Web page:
THE ASSOCIATED PRESS
Tucson, Arizona | Published: http://www.azstarnet.com/allheadlines/101301
The number of new international graduate students enrolling in American
universities appears to have rebounded slightly this fall after three years of
The figure rose 1 percent compared to a year ago, the Council of Graduate
Schools says in a new report. Following the Sept. 11, 2001, attacks, the numbers
fell 8 percent in 2002, 10 percent in 2003, and 3 percent in 2004.
"That's a positive sign. But we're certainly not rebounded to the pre-2002
levels," said Heath Brown, director of research and policy analysis at the
Experts blamed the sudden drop in interest among international students in
attending American graduate programs after the 2001-02 school year on a range of
factors, from visa delays to anti-Americanism to sharper competition from
universities in other countries.
The trend alarmed both university administrators and foreign policy-makers
because universities depend on foreign students for teaching and research -
especially in the sciences. The also were concerned because educating
international students, who then return home with a positive, firsthand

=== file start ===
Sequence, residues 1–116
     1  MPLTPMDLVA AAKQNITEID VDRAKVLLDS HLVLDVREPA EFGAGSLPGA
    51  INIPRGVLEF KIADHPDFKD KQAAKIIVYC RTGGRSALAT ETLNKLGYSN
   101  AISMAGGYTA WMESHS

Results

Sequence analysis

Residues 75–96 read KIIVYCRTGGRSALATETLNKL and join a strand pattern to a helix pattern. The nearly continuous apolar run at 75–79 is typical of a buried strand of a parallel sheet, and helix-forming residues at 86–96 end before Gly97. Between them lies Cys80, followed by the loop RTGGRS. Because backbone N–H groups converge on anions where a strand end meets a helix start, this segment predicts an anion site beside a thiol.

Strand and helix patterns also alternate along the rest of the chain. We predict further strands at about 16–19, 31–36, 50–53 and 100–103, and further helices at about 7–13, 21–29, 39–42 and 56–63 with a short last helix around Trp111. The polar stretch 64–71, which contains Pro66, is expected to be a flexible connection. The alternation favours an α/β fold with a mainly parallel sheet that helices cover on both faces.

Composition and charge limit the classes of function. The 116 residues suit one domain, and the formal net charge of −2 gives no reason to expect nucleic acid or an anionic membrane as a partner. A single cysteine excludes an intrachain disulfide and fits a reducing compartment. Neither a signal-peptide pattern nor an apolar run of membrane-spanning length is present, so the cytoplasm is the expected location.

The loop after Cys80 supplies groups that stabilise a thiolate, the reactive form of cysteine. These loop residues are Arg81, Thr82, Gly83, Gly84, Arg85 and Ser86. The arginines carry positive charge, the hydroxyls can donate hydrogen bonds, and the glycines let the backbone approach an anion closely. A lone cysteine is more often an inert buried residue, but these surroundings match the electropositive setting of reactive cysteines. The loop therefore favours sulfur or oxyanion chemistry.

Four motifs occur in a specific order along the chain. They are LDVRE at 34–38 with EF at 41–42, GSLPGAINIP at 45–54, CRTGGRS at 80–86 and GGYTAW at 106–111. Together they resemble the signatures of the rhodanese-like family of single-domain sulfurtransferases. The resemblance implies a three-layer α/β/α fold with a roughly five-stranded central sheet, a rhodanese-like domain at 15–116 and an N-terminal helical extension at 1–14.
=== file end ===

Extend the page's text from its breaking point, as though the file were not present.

experience of America, is seen as an important foreign policy tool.
Educators say the State and Homeland Security departments have streamlined visa
approvals, and many universities have stepped up recruiting, which has at least
leveled off the decline.
The survey, being officially released today, represents only an initial report,
and complete figures will not be available until next year. But the 125
universities that responded represent most of the largest graduate programs.
Enrollment of students from China and India - the two largest sources of
American students overall - rose 3 percent each. Enrollment from Middle Eastern
countries rose 11 percent, though the numbers from that region are still
Jean Morrison, associate vice provost for graduate programs at the University of
Southern California, which has the most international students of any American
university, said international graduate enrollment there fell from 4,097 to
4,040 this year - though it did not decline as sharply in previous years as at
Competition from universities in Europe, Asia and Australia has never been
fiercer, she added.
"I don't think 'out of the woods' is at all accurate," Morrison said. "It is
still a very acute problem, and I think it is particularly acute in science and
About 1.5 million graduate students were enrolled in American universities last
year, according to the graduate council, of whom about 225,000 came from other